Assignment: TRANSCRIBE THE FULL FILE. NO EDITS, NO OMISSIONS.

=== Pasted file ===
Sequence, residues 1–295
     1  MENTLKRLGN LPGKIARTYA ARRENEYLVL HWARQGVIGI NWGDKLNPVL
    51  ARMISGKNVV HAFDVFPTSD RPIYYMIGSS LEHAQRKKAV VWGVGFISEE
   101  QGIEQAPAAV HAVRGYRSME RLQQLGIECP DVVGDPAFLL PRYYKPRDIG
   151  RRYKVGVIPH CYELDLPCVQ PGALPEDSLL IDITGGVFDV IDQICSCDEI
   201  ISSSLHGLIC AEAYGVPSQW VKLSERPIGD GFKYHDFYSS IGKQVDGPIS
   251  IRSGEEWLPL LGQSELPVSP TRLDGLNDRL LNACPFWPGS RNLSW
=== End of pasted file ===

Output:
Sequence, residues 1–295
     1  MENTLKRLGN LPGKIARTYA ARRENEYLVL HWARQGVIGI NWGDKLNPVL
    51  ARMISGKNVV HAFDVFPTSD RPIYYMIGSS LEHAQRKKAV VWGVGFISEE
   101  QGIEQAPAAV HAVRGYRSME RLQQLGIECP DVVGDPAFLL PRYYKPRDIG
   151  RRYKVGVIPH CYELDLPCVQ PGALPEDSLL IDITGGVFDV IDQICSCDEI
   201  ISSSLHGLIC AEAYGVPSQW VKLSERPIGD GFKYHDFYSS IGKQVDGPIS
   251  IRSGEEWLPL LGQSELPVSP TRLDGLNDRL LNACPFWPGS RNLSW